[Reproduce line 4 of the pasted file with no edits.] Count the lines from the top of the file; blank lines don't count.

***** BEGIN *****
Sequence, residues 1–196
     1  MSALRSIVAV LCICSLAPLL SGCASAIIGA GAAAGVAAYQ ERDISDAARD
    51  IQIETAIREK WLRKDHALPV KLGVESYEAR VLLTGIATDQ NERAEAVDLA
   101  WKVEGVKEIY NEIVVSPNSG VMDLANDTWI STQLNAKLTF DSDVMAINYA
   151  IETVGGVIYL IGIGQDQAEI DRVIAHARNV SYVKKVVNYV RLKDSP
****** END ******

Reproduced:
   101  WKVEGVKEIY NEIVVSPNSG VMDLANDTWI STQLNAKLTF DSDVMAINYA